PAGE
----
A PET PENGUIN IN JAPAN
You never have to drink alone again, because now you can drink with your cats. At least in Japan you can, because a Japanese company called B&H Lifes has begun selling wine made specifically for cats.
This special feline libation is called “Nyan Nyan Nouveau.” As Kotaku reports, “nyan nyan” is the Japanese equivalent of “meow meow.” (Oh hey, remember Nyan Cat?) This cat wine doesn’t really contain any alcohol, but it does contain juice made from Cabernet grapes, along with catnip. So just accept it. It’s wine. For cats.
Nyan Nyan Nouveau costs 399 yen (or $4) for a bottle, and the company is only producing a thousand of them, so you should probably act fast.
April 1, 2014 10:55 AM
Crazy Horse guitarist Frank “Poncho” Sampedro will never forget the group’s March 1976 tour of Japan. He’d only joined the band a few months earlier during the recording sessions for Zuma, and prior to boarding the plane to Japan his only live experience with Young came during a handful of California bar shows in December of 1975. He suddenly found himself playing to enormous, screaming crowds all over Japan. For someone who was merely a fan of Neil Young the previous year, the entire experience was beyond surreal.
Neil Young on Pono, His New Album and Using LPs as Roof Shingles
The sixth stop of the tour was at Tokyo’s Budokan Hall, and Young hired a film crew to tape the two-night stand. Nobody bothered to tell Poncho, and he dropped a bunch of acid before going onstage one of the nights. “I couldn’t even look up,” he told author Jimmy McDonough. “I was so high. I’d hit the strings of my guitar — they were like eight different colors — and they bounced off the floors and hit the ceiling.”
Here’s an incredible recording of “Cowgirl In The Sand” from one of the two Budokan shows. It’s unclear whether or not this is the LSD gig, but Poncho certainly sounds like he’s on his game. Most of this footage remains in the vault, though some of it surfaced in the 1997 Jim Jarmusch documentary Year of the Horse.
The 1976 Neil Young and Crazy Horse tour was supposed to hit America in the summer, but Young began playing with Stephen Stills when he returned home and decided the abandon The Horse in order to form the Stills-Young Band. They recorded an LP very quickly and hit the road, though after just eighteen dates Young decided he had enough. He couldn’t even face Stills to tell him the news. Instead, he wrote this now famous letter: “Dear Stephen, funny how some things that start spontaneously end that way. Eat a peach, Neil.”
He wrapped up the year by touring America with a very relieved Crazy Horse. It ended November 24th in Atlanta, Georgia. They played two marathon shows that night, and when it wrapped Young flew cross country so he could play with the Band at The Last Waltz in San Francisco. It’s no wonder he needed a little pick-me-up to get through the show, though Martin Scorsese was nice enough to remove the evidence from his nose during the editing process.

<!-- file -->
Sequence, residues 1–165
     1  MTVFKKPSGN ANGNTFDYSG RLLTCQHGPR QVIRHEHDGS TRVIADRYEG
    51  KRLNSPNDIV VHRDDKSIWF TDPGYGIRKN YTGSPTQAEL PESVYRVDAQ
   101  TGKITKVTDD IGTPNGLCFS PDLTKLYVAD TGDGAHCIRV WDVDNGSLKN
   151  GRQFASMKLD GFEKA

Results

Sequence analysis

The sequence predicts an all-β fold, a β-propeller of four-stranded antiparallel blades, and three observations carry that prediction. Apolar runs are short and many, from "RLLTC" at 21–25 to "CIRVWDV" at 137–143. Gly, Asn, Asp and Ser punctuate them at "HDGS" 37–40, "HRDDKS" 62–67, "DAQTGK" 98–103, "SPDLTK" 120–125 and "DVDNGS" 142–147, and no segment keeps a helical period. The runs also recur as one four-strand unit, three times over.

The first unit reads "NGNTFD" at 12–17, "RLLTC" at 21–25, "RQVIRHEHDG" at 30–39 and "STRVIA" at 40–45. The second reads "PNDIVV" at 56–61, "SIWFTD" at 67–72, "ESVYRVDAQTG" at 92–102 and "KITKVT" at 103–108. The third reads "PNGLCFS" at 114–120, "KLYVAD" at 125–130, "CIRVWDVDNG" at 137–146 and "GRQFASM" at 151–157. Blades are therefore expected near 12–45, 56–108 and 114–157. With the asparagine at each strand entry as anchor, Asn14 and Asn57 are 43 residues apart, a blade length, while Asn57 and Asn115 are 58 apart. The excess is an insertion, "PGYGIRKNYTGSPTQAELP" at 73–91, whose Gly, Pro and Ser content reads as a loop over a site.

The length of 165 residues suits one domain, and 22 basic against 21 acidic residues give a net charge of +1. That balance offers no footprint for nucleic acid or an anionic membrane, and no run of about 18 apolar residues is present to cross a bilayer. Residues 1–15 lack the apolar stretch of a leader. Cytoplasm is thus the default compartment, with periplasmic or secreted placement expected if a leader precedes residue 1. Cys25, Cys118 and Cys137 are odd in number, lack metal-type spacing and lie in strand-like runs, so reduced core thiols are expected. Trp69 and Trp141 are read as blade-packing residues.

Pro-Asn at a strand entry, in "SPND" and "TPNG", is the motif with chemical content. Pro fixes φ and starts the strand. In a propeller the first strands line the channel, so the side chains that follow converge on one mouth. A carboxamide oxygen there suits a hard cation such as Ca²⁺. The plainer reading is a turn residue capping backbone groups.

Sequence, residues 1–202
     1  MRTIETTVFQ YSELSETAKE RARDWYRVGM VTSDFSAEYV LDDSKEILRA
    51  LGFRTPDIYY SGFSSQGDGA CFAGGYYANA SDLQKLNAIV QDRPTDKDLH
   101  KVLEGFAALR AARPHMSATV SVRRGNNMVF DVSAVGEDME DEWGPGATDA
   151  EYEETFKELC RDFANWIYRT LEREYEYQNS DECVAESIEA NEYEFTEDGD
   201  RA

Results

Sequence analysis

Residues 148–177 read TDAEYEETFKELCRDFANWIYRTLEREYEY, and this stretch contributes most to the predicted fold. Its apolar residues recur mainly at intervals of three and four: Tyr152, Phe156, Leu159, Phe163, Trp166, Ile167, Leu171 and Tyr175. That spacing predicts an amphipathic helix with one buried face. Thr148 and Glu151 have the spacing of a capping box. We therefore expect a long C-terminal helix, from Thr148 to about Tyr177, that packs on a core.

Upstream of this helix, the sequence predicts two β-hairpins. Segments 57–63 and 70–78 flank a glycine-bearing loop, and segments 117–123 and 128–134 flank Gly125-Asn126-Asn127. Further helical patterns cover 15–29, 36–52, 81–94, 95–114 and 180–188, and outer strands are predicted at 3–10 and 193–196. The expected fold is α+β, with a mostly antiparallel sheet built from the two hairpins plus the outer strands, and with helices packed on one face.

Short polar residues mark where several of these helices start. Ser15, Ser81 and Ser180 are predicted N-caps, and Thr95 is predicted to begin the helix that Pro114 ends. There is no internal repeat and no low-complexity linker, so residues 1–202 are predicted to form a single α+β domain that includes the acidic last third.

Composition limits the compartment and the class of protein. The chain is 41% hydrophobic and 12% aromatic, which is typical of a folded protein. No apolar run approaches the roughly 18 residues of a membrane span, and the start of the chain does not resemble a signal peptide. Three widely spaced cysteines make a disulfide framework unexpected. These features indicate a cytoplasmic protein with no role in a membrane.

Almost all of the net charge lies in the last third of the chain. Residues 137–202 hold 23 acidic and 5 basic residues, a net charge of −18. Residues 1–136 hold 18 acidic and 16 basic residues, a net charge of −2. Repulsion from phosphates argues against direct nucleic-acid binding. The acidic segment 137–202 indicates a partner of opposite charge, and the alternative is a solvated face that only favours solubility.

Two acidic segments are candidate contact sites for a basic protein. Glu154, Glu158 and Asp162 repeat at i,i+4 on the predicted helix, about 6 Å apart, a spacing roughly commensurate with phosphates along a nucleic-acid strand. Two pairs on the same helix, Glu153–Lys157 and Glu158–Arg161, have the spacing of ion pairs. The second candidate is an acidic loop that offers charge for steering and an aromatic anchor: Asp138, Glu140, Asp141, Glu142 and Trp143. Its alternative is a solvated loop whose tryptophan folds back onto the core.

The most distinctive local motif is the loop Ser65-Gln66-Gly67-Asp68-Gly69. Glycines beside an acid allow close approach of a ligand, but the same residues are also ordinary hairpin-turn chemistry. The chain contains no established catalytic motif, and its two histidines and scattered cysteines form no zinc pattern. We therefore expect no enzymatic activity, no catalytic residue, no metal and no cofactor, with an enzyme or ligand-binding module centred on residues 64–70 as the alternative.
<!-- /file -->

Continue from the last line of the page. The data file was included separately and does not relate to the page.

After the incredibly tumultuous year where he was virtually never home, Young took it very easy in 1977, only playing bar gigs around Santa Cruz with his short-lived band the Ducks.
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Read more: http://www.rollingstone.com/music/videos/flashback-neil-young-crazy-horse-rock-japan-in-1976-20140401#ixzz2yJbeqwAj
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RICHARD BRAUTIGAN -HIS LIFE-HIS BIOGRAPHY,A READING AND POEMS
The Brautigan PagesPosted by jen. Sponsor a Poet Page | Much of the information regarding Richard Brautigan’s life and death is uncertain. He was born in 1935 in Tacoma, Washington. His father left home before he was born, and his childhood was apparently a troubled one marked by poverty. He did not attend college. At some point in the mid-1950s, he left home for San Francisco, where he became involved in the Beat scene. In 1957, Brautigan married Virginia Dionne Adler, the mother of his only child, Ianthe. (They would divorce in 1970.) Although Brautigan, whose work largely defies classification, is not properly considered a Beat writer, he shared the Beats’ aversion to middle class values, commercialism, and conformity. Brautigan’s success as a poet was marginal. He published several slim volumes, all with small presses, but none of these received much recognition. It wasn’t until the publication of Trout Fishing in America (1967), which many consider his best novel, that Brautigan caught the public’s attention and was transformed into a cult hero. By 1970, Trout Fishing in America had become the namesake of a commune, a free school, and an underground newspaper. In 1972, Brautigan withdrew from the public eye and went to live on in a small home in Bolinas, California. In the eight years that followed, he only rarely accepted invitations to lecture and consistently declined to be interviewed. In 1976, he made his first trip to Japan, where he lived off-and-on until his death. There he met Akiko, whom he married in 1978; the marriage failed, and they were divorced two years later. During the year of 1982, Brautigan taught at Montana State University in Bozeman. He then withdrew again. In October of 1984, his body was discovered at his home; he had shot himself in the head some four or five weeks earlier. Richard Brautigan’s poetry collections include June 30th, June 30th (Delacorte, 1978), Loading Mercy with a Pitchfork (1975), Rommel Drives on Deep Into Egypt (1970), The San Francisco Weather Report (1969), and Please Plant This Book (eight poems printed on separate seed packet envelopes, 1968). His novels include The Tokyo-Montana Express (1980), Willard and his Bowling Trophies (1975), In Watermelon Sugar (1967), and A Confederate General from Big Sur (1964). Brautigan’s last novel was recently discovered and published posthumously, under the title An Unfortunate Woman (Rebel Inc., 2000). A Selected Bibliography Poetry June 30th, June 30th (1978) Loading Mercury with a Pitchfork (1976) Rommel Drives on Deep Into Egypt (1970) The Octopus Frontier (1960) The Return of the Rivers (1957) Prose Willard and His Bowling Trophies (1975) In Watermelon Sugar (1967) Trout Fishing in America (1967) A Confederate General From Big Sur (1964 – See more at: http://www.poets.org/poet.php/prmPID/678#sthash.CI1wcSPh.dpuf